Police get Lincoln’s latest natural-gas-fueled vehicle

The Lincoln Police Department now has a new natural-gas-fueled vehicle in its fleet — and there could be more to come for the city.

Thursday, Lincoln Mayor Chris Beutler accepted the keys to a Ford Fusion to be used for parking enforcement. It is the city’s fourth vehicle fueled by natural gas. The Building and Safety department has two vehicles, and Lincoln City Libraries’ Bookmobile is also a natural gas-fueled vehicle.

“Every mile our police parking enforcement officers drive this natural-gas-powered car, the city and its taxpayers are saving money and reducing our carbon footprint,” Beutler said in a press release.

Natural-gas-fueled vehicles provide economic and environmental benefits, said Milo Mumgaard, senior policy aide to the mayor’s office. The city would like to add more, but the upfront costs can be a challenge, he said.

Departments that use a lot of gas, including the Police, Building and Safety and Health Departments, are the most likely candidates, Mumgaard said.

Converting a vehicle can cost from $6,000 to $10,000 for a passenger vehicle, said Jack Schimenti, president of Lincoln Composites.

Lincoln Composites partnered with Black Hills Energy, Eric’s Electric of Lincoln and Fuel Conversion Solutions of Grain Valley, Mo., to convert the police vehicle, at no cost to the city.

Lincoln Composites, a high-pressure-gas containment manufacturer, donated the cylinder.

The Police Department could save about $2,000 a year in fuel in maintenance costs, according to estimates.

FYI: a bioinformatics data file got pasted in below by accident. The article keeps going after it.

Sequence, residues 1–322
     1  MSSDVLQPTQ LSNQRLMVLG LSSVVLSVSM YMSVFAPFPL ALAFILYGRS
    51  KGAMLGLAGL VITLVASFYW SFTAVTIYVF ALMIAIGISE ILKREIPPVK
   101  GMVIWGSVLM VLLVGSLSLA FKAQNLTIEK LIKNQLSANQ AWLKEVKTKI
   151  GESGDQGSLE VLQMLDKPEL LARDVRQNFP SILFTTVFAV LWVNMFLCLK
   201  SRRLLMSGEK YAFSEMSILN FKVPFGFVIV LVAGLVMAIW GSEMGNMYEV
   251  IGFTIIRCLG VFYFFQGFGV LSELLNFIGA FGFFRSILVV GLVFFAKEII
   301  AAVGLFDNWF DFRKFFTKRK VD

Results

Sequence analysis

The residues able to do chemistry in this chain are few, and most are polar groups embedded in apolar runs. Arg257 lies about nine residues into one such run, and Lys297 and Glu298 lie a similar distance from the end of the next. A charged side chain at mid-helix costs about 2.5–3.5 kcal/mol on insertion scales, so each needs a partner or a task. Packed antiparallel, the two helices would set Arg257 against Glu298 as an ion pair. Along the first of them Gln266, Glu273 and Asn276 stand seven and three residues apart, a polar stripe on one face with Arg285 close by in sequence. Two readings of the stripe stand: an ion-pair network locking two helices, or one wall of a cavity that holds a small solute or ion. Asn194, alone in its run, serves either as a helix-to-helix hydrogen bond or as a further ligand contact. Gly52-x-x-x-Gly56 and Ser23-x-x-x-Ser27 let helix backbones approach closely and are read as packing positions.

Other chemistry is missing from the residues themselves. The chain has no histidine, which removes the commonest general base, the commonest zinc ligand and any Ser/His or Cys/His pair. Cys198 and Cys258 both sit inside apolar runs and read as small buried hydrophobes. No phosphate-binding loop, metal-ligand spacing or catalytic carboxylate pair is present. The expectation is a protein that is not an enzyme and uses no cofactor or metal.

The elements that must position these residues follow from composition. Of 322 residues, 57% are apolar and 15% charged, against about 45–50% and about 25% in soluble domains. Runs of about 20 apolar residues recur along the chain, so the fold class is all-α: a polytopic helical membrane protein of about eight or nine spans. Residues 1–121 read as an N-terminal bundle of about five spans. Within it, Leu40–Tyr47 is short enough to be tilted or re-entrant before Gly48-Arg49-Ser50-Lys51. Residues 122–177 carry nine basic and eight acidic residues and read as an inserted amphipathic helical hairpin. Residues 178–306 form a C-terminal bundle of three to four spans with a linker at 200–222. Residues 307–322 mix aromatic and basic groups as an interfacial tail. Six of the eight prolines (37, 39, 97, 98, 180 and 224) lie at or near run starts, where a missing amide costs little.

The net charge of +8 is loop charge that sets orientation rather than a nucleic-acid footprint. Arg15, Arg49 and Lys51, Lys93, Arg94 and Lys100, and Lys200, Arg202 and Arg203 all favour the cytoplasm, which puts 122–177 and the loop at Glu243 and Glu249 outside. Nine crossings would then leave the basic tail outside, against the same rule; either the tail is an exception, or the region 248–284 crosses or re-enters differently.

Don Nordell, director of business operations for Black Hills Energy, said natural gas has about a $1.50-per-gallon equivalent price advantage over gasoline.

“So there’s your difference in operational cost,” Nordell said.

Paul Cammack, customer relations manager for Nebraska with Black Hills Energy, said there are many good reasons to shift to natural gas.

In addition to being economical, natural gas is a domestic fuel with abundant supply, Cammack said.

Currently, the only public natural gas station in Lincoln is at the Lincoln Airport. Black Hills Energy, one of the utilities providing natural gas in eastern Nebraska, plans to open its natural gas station to the public soon, Cammack said.

One of the challenges is getting people to think of natural gas as a way to fuel their vehicles — not just warm their homes, he said.

“You don’t see natural gas fueling stations around the corner,” Cammack said.

Contact the writer:

402-478-9580, christine.scalora@owh.com​

This article was first published by Omaha.com.


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